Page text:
Salient: Victoria University of Wellington Students' Newspaper. Vol. 32, No. 5. 1969.
Drama — The Haunting of the Past
The Haunting of the Past
IBSEN wrote Ghosts believing that man is continually haunted by the past. The past is always with us ana while we progress in some respects in others our movement forward is hampered by outmoded beliefs, ideas, and attitudes.
Coupled with this belief is Ibsen's view that man is afraid to challenge these stifling ideas. In the play's second act Mrs Alving speaks to the Minister:
"I'm inclined to think that we're all ghosts, Pastor Manders; it's not only the things that we've inherited from our fathers and mothers that live on in us, but all sorts of old dead ideas and old dead beliefs. . . . They're not exactly alive in us, but they're rooted there all the same, and we can't rid ourselves of them . . . . I should think there must be ghosts all over the country—as countless as grains of sand. And we are all of us, so pitfully afraid of the light."
The most disturbing thing about seeing the Downstage production of Ghosts is that we realise that this is true. The play was written almost 90 years ago and yet many of the attitudes in it that shocked people then still shock people now.
When Osvald tells the Pastor that he has known men and women to live happily and decently together and to raise families outside wedlock the Pastor is horrified. An honest look at our "enlightened" society of 1969 would, I am sure, see the majority of people sharing the Pastor's horror.
To dramatise the stifling effect of the past on the present Ibsen has employed an elaborate device. Osvald, a young artist, inherits syphilis from his father. The disease will destroy his mind. Osvald goes out into the world and discovers what is for him a new morality, a fundamental morality based on human feelings rather than social pressures. He then discovers his illness and blames his way of life for it. When he returns home he learns that his is not guilty, it is the sin of the father.
To say that the play is dated because the progress of the disease is not as Ibsen described and anyway we can now cure syphilis, is to ignore the point. The young man, who should have been leading society into the future, is prevented from doing so by a past which was beyond his control.
Within the play Ibsen contrasts the fundamental morality Osvald discovered with the established, conventional, morality where duty and convenience determined people's lives rather than love and affection.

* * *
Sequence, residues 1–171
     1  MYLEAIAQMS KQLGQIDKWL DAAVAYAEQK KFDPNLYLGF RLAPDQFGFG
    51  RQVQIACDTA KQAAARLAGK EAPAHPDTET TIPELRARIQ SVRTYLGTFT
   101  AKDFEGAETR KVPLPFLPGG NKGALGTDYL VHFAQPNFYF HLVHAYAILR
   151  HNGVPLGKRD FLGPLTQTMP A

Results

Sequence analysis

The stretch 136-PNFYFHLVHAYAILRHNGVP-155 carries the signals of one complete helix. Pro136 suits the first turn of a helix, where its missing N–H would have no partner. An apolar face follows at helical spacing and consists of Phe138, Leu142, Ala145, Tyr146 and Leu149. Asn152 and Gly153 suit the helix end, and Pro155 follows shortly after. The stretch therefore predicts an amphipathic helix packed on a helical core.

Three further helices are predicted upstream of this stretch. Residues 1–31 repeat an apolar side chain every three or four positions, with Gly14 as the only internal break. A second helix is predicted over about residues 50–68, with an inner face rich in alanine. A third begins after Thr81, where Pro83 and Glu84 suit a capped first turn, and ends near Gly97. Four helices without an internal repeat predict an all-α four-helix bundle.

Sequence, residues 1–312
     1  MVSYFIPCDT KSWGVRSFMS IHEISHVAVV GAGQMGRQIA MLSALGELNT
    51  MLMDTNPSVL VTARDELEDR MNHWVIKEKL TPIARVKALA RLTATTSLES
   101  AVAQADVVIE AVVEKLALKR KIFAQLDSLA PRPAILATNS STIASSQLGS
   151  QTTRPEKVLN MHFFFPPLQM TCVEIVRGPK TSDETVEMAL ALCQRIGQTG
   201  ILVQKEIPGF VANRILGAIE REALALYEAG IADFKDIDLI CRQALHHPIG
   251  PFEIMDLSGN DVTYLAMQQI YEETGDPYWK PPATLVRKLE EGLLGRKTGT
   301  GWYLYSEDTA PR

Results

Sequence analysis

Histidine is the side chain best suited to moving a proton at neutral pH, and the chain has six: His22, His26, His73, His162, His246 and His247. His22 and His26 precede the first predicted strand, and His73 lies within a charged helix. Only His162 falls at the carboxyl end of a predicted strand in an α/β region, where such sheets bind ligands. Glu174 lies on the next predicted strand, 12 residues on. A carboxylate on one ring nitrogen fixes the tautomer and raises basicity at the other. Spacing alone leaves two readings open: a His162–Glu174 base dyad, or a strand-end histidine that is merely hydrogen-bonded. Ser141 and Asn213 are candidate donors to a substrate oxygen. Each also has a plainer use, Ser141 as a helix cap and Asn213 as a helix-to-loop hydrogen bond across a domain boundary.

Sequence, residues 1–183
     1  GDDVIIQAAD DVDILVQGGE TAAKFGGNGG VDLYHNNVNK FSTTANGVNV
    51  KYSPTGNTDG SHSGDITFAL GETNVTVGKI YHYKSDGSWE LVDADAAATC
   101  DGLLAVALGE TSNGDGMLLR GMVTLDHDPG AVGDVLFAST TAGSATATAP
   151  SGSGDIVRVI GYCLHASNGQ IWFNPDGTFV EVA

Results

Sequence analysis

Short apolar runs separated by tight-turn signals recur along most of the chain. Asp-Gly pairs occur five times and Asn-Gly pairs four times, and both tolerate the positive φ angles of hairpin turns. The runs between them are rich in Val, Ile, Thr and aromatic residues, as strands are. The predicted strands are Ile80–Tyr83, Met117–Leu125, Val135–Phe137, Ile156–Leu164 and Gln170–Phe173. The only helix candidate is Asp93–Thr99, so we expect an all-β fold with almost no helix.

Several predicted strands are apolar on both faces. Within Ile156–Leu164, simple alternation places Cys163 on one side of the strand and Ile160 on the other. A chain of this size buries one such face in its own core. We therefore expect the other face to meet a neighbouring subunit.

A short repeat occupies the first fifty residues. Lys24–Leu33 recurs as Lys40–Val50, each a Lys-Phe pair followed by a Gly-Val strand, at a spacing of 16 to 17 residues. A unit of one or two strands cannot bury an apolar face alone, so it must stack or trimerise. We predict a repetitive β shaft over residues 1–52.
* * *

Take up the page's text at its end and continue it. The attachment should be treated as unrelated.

Ibsen finds the conventional morality wanting and condemns both the society that bred it and the church that continues to nurture it.
It seems almost unnecessary to point out the relevance of Ibsen's play today. It has a significance that has not been destroyed by the discovery of penicillin.
Anthony Taylor who produced Ghosts for Downstage has allowed the play the Dace it demands. His production is unhurried, allowing the audience time to assimilate Ibsen's ideas, but it never drags.
Mr. Taylor has also extracted fine performances from his cast and particularly from Dorothy McKegg who as Mrs Alving deserves considerable praise. She manages to convey the strength and intelligence of a women who has been able to examine the beliefs on which her life has been based, and also the anguish of a woman who has found those beliefs wanting.
Colin McColl as Osvald is to be thanked for keeping the role of the syphilis-riddled son within the bounds of credibility.
Alex Trousdall does not quite manage to convey the almost fanatical zeal of Pastor Manders but does show us the short-sightedness of the character and the self-interest which allows him to succumb to blackmail.
Matthew O'Sullivan and Elizabeth Coulter as Engstrand and Regina deal effectively with their parts Mr. O'Sullivan prevents his character becoming the caricature of an uneducated working man that a lesser actor might have settled for, and miss Coulter endows her character with the attributes of cunning and design early in the play which makes her sudden departure in the third act credible.
The whole production is enhanced by Grant Tilly's set and Rex Griffilan's lighting both of which work to provide an atmosphere that complements both the play and the cast.
Ghosts is essentially an "old style" play, the construction is unfamiliar in many respects. It is a tribute to Mr Taylor that the adjustment a modern audience has to make to this play is minimal in his production.